It seems today that when it comes to religion, many people confront an unfortunate dichotomy. The choice is between intellectual honesty and Jesus. Many believe there is no way to reconcile the two.
The purpose of me writing this post is not for me to say why my interpretation is superior, but instead to present an alternate view that often goes unnoticed… too often different views can be silenced by the surprisingly large fundie presence online (i.e. the blog-o-sphere).
If you were in a room of 100 Christians, and asked, “how many of you knew someone that grew up in a religious environment and then walked away from their faith upon leaving for college?” then you would see 100 hands raised in the air.
Let me suggest why I believe this happens.
Imagine what happens when a young woman is raised in a Christian environment and when she turns 18, she goes off to study at university (let’s say, one that is not affiliated with any denomination of faith). While studying, she becomes exposed to all kinds of different disciplines. She takes anthropology, psychology, sociology, biology, calculus, astronomy, and so on. She meets professors who are very intelligent and have dedicated their lives to their subject. Is it possible that during lectures, this young woman’s professors say things that are true?
The answer, of course, is “yes”. This makes sense since truth is available to everyone.
But now let’s say that the professors aren’t Christian, yet the young woman grew up being told that Christianity is the only thing that is true. What if she has been taught that no truth exists outside of the Bible? This now poses a dilemma: believe the truth she is learning at school or the Christian faith she grew up with.
This scenario is common place. Individuals in their late teens and young twenties growing up with Christianity can go through much stress during this time (I should know, I’m still not completely done with this stage of my life). Essentially, these individuals are experiencing truth outside of their religion, and therefore decide to drop their faith altogether (under the misconception that it is a choice).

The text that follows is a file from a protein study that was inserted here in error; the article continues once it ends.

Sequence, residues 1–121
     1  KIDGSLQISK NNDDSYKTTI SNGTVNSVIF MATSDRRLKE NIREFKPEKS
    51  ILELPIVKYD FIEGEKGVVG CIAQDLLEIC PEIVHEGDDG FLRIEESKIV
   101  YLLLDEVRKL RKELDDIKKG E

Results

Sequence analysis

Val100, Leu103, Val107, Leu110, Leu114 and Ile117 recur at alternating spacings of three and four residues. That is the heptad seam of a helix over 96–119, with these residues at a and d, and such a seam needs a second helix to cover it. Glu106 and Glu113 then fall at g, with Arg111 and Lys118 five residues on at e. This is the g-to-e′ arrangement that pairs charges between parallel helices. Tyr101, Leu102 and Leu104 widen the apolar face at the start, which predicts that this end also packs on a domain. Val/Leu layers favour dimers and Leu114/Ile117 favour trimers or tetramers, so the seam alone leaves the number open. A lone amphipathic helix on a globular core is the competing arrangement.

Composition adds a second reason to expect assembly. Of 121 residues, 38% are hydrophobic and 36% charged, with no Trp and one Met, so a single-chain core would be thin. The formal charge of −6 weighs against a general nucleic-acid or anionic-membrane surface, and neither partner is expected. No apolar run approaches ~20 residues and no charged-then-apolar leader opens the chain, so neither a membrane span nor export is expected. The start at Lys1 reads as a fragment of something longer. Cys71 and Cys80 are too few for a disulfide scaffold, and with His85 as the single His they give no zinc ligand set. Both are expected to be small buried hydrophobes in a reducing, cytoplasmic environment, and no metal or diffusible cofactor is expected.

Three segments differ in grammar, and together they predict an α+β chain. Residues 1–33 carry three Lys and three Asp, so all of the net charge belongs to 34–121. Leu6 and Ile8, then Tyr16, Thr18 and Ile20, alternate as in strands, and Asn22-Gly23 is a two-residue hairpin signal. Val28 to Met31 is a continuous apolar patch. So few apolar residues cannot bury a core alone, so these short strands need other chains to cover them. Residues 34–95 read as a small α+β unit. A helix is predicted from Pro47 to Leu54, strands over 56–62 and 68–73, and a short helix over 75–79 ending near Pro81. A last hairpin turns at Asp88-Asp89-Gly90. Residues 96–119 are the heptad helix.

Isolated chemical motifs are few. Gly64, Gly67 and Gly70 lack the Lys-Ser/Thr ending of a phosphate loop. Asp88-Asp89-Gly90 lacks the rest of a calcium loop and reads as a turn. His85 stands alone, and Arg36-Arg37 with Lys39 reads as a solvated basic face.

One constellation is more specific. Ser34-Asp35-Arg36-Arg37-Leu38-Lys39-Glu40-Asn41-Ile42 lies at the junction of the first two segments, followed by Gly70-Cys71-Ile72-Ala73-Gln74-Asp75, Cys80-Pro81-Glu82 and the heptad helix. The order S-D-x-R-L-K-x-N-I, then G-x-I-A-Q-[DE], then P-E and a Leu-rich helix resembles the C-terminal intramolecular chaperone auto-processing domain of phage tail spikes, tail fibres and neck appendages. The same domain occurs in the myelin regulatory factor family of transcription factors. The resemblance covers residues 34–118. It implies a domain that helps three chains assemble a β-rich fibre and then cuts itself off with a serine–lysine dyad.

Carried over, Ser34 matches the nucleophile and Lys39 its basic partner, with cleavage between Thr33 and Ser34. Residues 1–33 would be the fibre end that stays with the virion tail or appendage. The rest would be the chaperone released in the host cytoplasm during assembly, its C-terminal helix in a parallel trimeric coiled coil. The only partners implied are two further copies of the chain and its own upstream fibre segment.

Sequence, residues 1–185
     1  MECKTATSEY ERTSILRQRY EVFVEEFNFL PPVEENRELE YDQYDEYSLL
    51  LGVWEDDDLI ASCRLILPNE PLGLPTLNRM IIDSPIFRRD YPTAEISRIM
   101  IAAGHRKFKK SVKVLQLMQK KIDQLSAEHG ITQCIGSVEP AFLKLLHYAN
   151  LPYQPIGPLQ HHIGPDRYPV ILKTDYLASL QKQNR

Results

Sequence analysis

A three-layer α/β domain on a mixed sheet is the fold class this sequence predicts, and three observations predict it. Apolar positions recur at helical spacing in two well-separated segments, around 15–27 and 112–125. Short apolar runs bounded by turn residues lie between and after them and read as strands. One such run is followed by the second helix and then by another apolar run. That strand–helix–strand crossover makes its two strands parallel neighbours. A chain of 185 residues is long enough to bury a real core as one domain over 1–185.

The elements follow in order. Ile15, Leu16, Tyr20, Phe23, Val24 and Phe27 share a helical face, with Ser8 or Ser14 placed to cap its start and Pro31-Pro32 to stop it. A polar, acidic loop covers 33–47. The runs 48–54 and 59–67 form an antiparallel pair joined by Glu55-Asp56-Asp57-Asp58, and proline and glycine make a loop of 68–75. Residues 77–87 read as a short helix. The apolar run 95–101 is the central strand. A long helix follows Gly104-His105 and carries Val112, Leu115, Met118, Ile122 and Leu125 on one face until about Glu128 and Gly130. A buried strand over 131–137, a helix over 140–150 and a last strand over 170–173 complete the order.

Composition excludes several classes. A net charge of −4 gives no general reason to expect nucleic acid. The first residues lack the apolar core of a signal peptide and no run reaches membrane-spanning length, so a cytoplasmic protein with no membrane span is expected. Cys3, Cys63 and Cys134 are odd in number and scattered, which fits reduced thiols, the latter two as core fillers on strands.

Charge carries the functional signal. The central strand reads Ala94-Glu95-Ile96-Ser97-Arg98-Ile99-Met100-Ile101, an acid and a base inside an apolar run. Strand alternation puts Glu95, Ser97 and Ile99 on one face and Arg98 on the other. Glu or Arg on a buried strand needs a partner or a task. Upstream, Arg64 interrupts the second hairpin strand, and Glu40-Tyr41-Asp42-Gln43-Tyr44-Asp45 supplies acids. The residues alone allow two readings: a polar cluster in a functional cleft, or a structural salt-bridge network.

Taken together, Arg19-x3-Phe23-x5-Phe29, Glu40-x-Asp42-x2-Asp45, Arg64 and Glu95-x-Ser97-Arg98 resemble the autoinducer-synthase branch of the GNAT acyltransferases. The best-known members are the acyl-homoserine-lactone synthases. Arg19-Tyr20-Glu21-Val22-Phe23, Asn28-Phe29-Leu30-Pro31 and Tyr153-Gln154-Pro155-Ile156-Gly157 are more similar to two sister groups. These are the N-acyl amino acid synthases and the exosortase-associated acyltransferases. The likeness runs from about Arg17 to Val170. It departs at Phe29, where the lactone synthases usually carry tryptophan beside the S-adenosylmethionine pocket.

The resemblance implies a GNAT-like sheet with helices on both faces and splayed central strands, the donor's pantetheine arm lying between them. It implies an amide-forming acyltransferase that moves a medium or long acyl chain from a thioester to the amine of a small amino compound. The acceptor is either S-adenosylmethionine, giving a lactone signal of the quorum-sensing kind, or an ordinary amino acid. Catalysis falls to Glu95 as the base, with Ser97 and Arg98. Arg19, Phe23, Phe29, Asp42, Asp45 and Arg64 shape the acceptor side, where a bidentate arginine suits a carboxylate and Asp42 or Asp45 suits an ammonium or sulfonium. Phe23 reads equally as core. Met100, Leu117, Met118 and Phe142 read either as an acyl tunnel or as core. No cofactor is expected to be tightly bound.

In other words, their “box” is being blown apart. Their faith they have been handed can’t contain what they are learning.
At this point you are probably saying, “wait, go back…misconception that it is a choice!? How so?”
It isn’t a choice because Jesus has said (in John), “I am the way, the truth, the life”. This is essentially saying that if you come across truth in any form, it is not outside one’s faith as a Christian. Instead, faith has just gotten larger. Being a Christian is to claim truth whenever you find it. Jesus and truth are not on opposite sides of the spectrum as if they are two different entities. No, they are the same, Jesus is “the truth”.
If Jesus is God, and God is truth (and all truth is God’s truth), then Jesus brings us into it. Christians must believe in a “big Jesus”…not just a Jesus who was put onto the earth to solve a problem. Although that is a major part of Jesus, it isn’t the only one (as many denominations forget).
John tells Christians that Jesus was there before creation (calling Jesus the “word”). In Greek, “word” is translated as logos, and here we get our word “logic”. Logic, intelligence, and design…the blueprint of creation. Note though, that Jesus is the arrangement, Jesus is the logic, Jesus is the intelligence.
Christians should remember that Jesus’ teachings should not be followed just because they are a good moral way of living. No, they should be followed because they are our best insight to how the world (meaning humanity) really works. His teachings teach us how things are.
As one source puts it:
I don’t follow Jesus because I think Christianity is the best religion. I follow Jesus because he leads me into ultimate reality. He teaches me to live in tune with how reality is. When Jesus said, “No one comes to the Father except through me”, he was saying that his way, his words, his life is our connection to how things truly are at the deepest levels of existence. For Jesus then, the point of religion is to help us connect with the ultimate reality, God.
Many people “drop” their faith because their religious “box” is too small, and have confined their Jesus to a limited worldview.
I understand that my stance on this matter will not be shared by everyone. I am also aware that my experiences have an effect on how I interpret the Bible and faith. Again, this post was meant to offer a different, perhaps not thought of (perhaps overlooked), theological viewpoint.
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